Dr. Tan is a long-standing colleague whom we meet most often at the annual meetings of the European Foundation for Chinese Music Research," said Elizabeth Markham, UA professor of ethnomusicology. "[Her] lecture brought us an aspect of musical globalization we would be most unlikely to know anything about here at the University of Arkansas."
"I became interested in Buddhist music when I first heard a performance of Buddhist liturgical music by monks from Tianjin and also when I acted as an interpreter for Professor Tian Qing, Buddhist music expert in Beijing's Music Research Institute," Tan said.
During her presentation, Tan discussed the origins of traditional Buddhist music and the modernization and globalization of the music, which has become a phenomenon. Traditional Buddhist music has a long history, originating in India. In the first century, the primary focus of Buddhism was the translation on sutras, but in the sixth and seventh centuries the music began to change, Tan said.
"Buddhist music came from India, brought by central Asian monks who translated it," she said. The development of music became known as early as the 14th century, where it was performed at rituals for the dead for filial piety and paying respects to ancestors. Notable changes began to occur in 1966, when a monk name Master Xingyun from Mainland China founded the Foguangshan monastery, which promotes the idea of a humanistic view of Buddhist practices, a modern Chinese Buddhist philosophy developed in the 20th century, Tan said.
In 2003, Xingyun wrote more than 200 Buddhist lyrics and openly invited people who were also interested in writing lyrics. The contest, known as "Sounds of the Human World," became an annual competition held in Taipei, Taiwan, and song entries are from a myriad of languages, such as Korean, French, Portuguese, and German, promoted by the Foguangshan branches worldwide, Tan said.
"[The competition] is a modern attempt, but it is not the first attempt to introduce Buddhism," she said. "Since its [mainstream] arrival in the 1950s, many have been trying to introduce it.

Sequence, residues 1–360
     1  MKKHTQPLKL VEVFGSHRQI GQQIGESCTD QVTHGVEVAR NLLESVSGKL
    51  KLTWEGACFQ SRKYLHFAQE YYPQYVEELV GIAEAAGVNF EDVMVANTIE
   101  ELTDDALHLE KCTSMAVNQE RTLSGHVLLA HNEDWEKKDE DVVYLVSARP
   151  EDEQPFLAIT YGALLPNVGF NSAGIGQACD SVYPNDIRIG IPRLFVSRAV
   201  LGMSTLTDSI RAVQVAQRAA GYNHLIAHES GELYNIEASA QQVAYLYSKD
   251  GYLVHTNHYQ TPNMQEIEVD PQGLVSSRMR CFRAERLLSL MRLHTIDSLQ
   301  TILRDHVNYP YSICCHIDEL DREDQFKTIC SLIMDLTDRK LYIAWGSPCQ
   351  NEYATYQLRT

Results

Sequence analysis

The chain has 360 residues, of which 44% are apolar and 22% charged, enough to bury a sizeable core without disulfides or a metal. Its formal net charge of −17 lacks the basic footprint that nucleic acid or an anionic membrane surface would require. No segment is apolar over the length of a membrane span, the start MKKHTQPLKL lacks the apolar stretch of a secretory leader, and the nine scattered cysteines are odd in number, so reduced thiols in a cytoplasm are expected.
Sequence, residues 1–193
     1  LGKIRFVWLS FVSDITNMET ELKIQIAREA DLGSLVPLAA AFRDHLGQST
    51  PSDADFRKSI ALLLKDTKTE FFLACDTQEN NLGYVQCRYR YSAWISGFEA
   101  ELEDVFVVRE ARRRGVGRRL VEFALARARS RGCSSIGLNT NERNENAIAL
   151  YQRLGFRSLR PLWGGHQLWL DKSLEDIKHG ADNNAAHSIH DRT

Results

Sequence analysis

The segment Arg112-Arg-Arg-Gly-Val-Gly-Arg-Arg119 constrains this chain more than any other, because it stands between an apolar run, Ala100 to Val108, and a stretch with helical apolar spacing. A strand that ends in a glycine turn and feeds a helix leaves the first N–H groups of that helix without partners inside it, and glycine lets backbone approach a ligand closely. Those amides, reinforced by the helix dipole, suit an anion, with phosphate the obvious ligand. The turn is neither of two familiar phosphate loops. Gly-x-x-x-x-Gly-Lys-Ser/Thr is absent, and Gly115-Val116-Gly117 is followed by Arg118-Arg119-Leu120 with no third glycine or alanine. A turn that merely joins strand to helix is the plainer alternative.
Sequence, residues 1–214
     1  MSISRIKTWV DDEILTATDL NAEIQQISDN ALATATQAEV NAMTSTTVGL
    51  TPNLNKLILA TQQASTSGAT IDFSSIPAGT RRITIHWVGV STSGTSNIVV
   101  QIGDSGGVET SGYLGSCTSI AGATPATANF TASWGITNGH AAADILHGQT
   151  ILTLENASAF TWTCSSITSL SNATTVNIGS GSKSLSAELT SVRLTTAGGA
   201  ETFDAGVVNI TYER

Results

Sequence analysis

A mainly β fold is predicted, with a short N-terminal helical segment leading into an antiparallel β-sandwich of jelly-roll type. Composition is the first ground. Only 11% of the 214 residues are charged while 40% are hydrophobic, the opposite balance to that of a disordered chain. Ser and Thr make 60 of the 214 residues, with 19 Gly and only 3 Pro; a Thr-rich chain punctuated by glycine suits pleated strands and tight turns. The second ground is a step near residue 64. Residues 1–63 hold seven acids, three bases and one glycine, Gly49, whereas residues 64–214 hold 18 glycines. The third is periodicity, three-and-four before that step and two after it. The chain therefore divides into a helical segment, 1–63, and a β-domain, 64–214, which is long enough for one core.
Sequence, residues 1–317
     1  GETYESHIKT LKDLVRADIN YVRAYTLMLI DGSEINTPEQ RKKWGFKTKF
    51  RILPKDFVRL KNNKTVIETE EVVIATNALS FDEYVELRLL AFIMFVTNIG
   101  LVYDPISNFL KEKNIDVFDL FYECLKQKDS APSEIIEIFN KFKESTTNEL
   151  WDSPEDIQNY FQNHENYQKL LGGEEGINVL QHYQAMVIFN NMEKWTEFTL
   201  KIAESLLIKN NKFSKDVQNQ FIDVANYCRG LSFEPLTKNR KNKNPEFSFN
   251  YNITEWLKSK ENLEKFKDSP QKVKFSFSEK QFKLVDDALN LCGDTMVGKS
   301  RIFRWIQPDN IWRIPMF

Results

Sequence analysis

"Buddhism was branded as a 'religion of the dead,' and the revival of it began during the Buddhist Reform Movement by a monk name Taixu," she said. "He promoted a modern ideology of religion for the living and coined the term 'living Buddhism' [Rensheng Fojiao]."
During the 1930s, a monk named Hongyi responded to Taixu's call to modernize Buddhism by composing new Buddhist songs. This was an era for social change and to throw away baggage from imperialism, she said.
"It was not a new movement, but a continuation of modernizing ideas to try to attract the youth," Tan said.
The "Song of the Triple Gem," lyrics written by Taixu and the music composed by Hongyi in the 1930s, became the Buddhist anthem but it is "not used in ritualistic practice, which says something about the Buddhist movement," Tan said.
Popular music in the "Sounds of the Human World" competition is an important aspect, making pop music prevalent by fusing Western sounds.
"[On a personal judgment] it's rather painful at times to listen to the music," said Tan, who also said that the songs are produced in five CDs every year. "It can become trivial and banal." However, Tan notes that the music is an emblem of modernity and is a tool for creating solidarity in society to the youth.
Because of the modernity that the competition heavily invests in trying to globalize Buddhism, the question of authenticity is constantly posed. Song entries for the competition include a variety of music genres, such as hip-hop, pop and classical. The songs have moved away from being overly religious and generally deal with world peace and the promotion of compassion, Tan said.
Tan said the model of Buddhism is just beginning to expand and it's too early to assume its impact on long-term goals.
"At the end of the day, the meaning of the words are important and will reach out to people," she said. "Music first pleases the ear and attracts the audience."